Because of accidents I had, and the protection a filter provided, I have ever since an accident with a lens in the Swiss Alps always equipped all of my lenses with uv or protective filters. With digital I found I had to up the level of filters, however, as I found out with a low sun in a pretty snow landscape. The internal reflections litterally killed the shot, and that was because of reflections from the sensor to the back of the filter, and reverbs of that. Since that time I only use the best, multi-coated, preferably dirt/grease resistant filters, and have never looked back :). The only lenses in my collection without filters are the ones that do not have filter threads, essentially UWA lenses with a large concave front lens, like the Oly 7-14 F/2.8 Pro, although that fortunately still has a lens hood that provides protection. And with that, I am just extremely careful not to knock it against anything :).

Lens hoods I only use when absolutely necessary. I don't like the extra bit protruding further. Most modern lenses handle bright lights at the edge of the image or in the image very well anyway, these days. Coatings have come a very, very long way since the 1950s and 1960s .... Reviews where a bright light close by is shown against a rather dark background are not really very representative, IMO :).

Kind regards, Wim
 
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The 20mm is a pretty cheap lens, so I do not use a filter. I used a screw-on lens hood for a while but found that, real or imagined, it made AF slower - since the whole focus element moves, adding extra bulk to the front filter ring means the focus motor has to push that along as well!
 
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It is interesting to see there are now 3 of us who raised our hand to say "Hey, that O17/2.8 is in fact quite good" while the general consensus is that it is a poor lens. Could it be because there would be a lot of variability? Some are lucky to have better copies maybe.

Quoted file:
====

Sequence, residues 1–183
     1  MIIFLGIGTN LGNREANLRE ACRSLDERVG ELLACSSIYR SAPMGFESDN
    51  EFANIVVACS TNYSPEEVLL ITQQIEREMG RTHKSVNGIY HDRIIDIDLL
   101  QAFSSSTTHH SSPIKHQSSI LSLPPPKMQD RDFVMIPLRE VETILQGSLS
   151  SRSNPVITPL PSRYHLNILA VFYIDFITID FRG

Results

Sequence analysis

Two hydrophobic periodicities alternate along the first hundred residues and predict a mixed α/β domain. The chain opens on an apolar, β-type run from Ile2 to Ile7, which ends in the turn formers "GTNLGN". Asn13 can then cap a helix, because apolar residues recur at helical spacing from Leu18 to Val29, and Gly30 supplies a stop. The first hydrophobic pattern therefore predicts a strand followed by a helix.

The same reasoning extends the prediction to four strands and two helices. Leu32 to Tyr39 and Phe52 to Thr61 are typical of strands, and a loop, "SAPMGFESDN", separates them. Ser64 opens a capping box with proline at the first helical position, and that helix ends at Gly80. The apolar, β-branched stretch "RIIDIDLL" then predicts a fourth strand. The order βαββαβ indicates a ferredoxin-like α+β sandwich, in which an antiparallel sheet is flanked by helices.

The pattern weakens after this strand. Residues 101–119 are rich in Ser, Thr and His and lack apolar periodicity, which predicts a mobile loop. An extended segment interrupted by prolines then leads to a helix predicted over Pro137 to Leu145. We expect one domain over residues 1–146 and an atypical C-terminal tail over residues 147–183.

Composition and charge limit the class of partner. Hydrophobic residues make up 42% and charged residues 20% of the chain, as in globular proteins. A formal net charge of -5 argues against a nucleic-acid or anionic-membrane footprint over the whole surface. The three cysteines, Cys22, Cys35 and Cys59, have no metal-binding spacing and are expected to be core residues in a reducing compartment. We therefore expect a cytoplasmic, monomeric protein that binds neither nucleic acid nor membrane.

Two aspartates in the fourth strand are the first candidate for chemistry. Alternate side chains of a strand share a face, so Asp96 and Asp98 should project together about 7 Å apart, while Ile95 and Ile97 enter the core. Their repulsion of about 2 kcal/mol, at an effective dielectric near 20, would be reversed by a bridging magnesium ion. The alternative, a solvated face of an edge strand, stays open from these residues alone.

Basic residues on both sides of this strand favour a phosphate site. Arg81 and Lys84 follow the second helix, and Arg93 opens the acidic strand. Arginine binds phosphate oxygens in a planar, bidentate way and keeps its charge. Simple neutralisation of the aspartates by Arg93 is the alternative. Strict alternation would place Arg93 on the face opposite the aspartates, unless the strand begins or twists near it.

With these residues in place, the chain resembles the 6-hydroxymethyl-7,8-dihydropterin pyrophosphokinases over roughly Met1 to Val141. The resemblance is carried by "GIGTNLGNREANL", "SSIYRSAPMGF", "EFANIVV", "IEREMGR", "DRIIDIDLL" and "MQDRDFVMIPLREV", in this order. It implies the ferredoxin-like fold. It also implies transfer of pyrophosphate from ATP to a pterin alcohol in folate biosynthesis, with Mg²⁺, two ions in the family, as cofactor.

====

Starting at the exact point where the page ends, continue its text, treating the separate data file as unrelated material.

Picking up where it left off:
You can raise your hand and say it's good because "good" is subjective. It's not a bad lens, I had that lens and I loved it, but stopped using it and sold it after a while.
Why? I loved that lens and it's so small! And I like the 35mm field of view.
The truth is that it is optically not that good. And that is okay.
It's small, it's light, it's cheap, it's fun - these things can make it a good lens for anybody that likes photography.

If build quality, weather resistance, corner-to-corner sharpness, lack of CA, flare and ghosting resistance, are important to a photographer, they need to be prepared to spend more than the 100 bucks for the 2.8 lens and get a bigger, more expensive lens, that would better built, faster focusing, and optically superior. Those lenses are better for a lot of use cases, but not the best when it comes to traveling light and/or just having fun.